Reduce & Reuse

Have you ever wondered what a big library like the Library of Congress might do with all the books they don’t need anymore? Well a couple of weeks ago I was able to find out with a tour through the Surplus Books Program!

Touring different divisions at the Library is one of my favorite highlights of being a Junior Fellow. With an institution so large, each task needs it’s own department in order to handle the volume of materials, which is unlike the processes I am used to from the smaller libraries. This was certainly true of Surplus Program – we toured there for almost two hours, there were so many books, as well as so much to discuss!

When a book first reaches the Surplus Program, it usually gets sorted into one of two groups: domestic use or international use. Books that are sorted for international use are usually works of a research-nature that are published by a university press, and books sorted for domestic use can range from children’s books to cookbooks to fiction, and everything in-between.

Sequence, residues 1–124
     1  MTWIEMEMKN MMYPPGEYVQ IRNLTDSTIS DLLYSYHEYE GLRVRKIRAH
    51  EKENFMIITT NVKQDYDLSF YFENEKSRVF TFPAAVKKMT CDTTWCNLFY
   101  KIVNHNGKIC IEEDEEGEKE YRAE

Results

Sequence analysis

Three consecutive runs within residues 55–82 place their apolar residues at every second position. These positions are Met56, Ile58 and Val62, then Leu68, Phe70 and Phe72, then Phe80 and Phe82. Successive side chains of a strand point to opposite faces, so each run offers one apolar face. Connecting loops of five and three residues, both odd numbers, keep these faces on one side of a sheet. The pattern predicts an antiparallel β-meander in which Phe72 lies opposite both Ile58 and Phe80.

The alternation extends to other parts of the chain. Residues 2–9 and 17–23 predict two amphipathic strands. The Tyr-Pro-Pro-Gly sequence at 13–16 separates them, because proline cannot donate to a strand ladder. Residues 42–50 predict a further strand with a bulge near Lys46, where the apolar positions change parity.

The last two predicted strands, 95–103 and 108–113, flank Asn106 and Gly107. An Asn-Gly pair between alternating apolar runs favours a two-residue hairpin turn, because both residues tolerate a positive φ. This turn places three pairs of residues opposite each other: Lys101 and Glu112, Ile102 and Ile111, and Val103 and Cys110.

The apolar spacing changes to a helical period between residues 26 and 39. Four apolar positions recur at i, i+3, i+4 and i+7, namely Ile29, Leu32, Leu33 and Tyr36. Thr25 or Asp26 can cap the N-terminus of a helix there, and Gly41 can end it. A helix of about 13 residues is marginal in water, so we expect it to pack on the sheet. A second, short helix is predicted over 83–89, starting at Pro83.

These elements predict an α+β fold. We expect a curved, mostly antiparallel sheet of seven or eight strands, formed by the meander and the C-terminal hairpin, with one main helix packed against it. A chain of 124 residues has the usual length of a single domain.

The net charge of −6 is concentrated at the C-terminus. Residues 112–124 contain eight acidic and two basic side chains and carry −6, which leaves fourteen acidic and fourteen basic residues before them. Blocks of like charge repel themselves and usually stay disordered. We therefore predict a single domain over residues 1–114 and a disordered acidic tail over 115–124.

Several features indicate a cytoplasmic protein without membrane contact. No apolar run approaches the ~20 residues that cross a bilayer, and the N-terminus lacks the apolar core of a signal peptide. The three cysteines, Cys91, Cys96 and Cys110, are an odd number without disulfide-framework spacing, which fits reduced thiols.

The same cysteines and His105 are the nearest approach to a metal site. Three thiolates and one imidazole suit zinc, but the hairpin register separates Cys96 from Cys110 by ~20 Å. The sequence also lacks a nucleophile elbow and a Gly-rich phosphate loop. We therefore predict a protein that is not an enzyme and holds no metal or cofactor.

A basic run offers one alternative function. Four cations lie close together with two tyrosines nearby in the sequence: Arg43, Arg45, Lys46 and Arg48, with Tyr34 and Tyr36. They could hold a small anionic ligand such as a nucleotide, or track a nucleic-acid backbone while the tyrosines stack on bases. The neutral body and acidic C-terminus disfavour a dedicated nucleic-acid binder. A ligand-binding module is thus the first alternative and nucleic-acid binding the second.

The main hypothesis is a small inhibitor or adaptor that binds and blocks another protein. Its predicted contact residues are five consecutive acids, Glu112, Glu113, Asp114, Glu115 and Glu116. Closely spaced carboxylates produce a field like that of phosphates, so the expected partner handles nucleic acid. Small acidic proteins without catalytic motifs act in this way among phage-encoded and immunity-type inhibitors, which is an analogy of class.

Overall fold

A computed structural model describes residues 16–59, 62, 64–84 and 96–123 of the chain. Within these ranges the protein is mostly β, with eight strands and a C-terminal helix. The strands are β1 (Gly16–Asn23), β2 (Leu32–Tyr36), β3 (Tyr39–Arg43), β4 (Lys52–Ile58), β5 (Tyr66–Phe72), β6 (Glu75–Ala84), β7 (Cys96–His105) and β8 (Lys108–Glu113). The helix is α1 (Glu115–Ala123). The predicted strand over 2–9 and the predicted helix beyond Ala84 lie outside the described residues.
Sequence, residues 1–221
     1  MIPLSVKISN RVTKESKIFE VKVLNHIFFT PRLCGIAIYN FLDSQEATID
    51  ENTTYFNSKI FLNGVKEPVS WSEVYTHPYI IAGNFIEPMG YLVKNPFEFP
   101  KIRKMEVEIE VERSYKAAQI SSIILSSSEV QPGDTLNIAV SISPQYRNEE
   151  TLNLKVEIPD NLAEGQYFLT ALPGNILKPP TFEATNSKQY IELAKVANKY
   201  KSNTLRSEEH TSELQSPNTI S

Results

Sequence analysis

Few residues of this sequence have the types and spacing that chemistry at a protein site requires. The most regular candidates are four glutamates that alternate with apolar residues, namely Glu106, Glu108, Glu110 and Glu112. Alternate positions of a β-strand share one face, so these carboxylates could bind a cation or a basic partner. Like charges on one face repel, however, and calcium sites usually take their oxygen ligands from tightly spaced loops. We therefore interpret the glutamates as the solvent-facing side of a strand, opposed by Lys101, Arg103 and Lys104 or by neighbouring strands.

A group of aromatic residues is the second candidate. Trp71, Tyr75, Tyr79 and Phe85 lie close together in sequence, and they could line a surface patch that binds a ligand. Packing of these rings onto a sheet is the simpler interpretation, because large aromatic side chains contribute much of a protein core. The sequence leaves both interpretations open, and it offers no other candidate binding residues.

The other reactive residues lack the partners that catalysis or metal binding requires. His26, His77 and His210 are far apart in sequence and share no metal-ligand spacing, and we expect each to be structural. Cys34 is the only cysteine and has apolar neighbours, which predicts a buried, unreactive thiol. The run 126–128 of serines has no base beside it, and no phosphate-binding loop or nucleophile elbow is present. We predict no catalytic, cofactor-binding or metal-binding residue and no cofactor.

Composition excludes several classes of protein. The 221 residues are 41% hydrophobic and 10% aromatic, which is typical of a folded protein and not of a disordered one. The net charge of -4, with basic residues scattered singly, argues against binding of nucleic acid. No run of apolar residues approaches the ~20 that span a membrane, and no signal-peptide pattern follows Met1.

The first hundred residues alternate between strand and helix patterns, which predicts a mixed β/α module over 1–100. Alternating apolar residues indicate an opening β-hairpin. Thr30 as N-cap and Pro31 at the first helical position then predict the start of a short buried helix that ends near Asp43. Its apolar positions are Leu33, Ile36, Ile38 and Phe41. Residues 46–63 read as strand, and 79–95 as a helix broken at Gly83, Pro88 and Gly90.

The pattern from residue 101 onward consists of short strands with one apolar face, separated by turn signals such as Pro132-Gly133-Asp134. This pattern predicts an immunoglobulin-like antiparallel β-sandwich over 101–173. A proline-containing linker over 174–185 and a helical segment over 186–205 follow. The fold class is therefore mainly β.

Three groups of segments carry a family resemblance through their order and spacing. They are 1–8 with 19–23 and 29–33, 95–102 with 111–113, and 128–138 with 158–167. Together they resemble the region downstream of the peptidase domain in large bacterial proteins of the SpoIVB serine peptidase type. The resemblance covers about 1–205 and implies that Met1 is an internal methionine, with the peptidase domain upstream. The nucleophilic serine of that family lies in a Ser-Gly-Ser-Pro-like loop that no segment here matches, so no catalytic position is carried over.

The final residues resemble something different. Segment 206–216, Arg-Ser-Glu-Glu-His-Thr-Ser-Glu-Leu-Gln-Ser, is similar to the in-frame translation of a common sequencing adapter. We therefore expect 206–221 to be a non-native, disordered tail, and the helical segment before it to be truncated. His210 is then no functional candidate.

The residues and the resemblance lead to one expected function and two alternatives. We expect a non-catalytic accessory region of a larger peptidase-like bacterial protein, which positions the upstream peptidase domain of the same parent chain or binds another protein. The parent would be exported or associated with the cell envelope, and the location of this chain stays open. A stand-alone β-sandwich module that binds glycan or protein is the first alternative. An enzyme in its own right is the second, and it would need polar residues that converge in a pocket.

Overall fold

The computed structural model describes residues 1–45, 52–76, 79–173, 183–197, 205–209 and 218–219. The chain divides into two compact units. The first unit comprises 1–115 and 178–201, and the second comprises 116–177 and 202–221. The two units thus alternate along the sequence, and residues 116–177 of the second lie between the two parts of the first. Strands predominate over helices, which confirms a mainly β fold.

Now, it is more complicated than this, but nations can choose to participate in a book-swapping program with the Library of Congress. So when a book gets sorted for international use, it gets entered into a database where other nations can then browse and select the books they want. They just pay for shipping, and agree to send the Library books of theirs in return!

The domestic program is also really neat. All of the books selected for domestic use are loosely sorted by genre onto browse-able shelves. Any government agency, educational institution, or non-profit organization can send a representative to walk through the stacks and select whichever books they like. Unlike the international program, these books do not live in a database, and these agencies are not expected to give a book in return. They do however still have to pay for shipping if they want to send boxes of books back to their home state.

Learning that the Library of Congress uses their extra books to strategically build up the collections of other libraries was very intriguing and inspiring to learn from. I am excited to continue learning about other interesting programs during my time here!

You can read more about the Surplus Books Program here.

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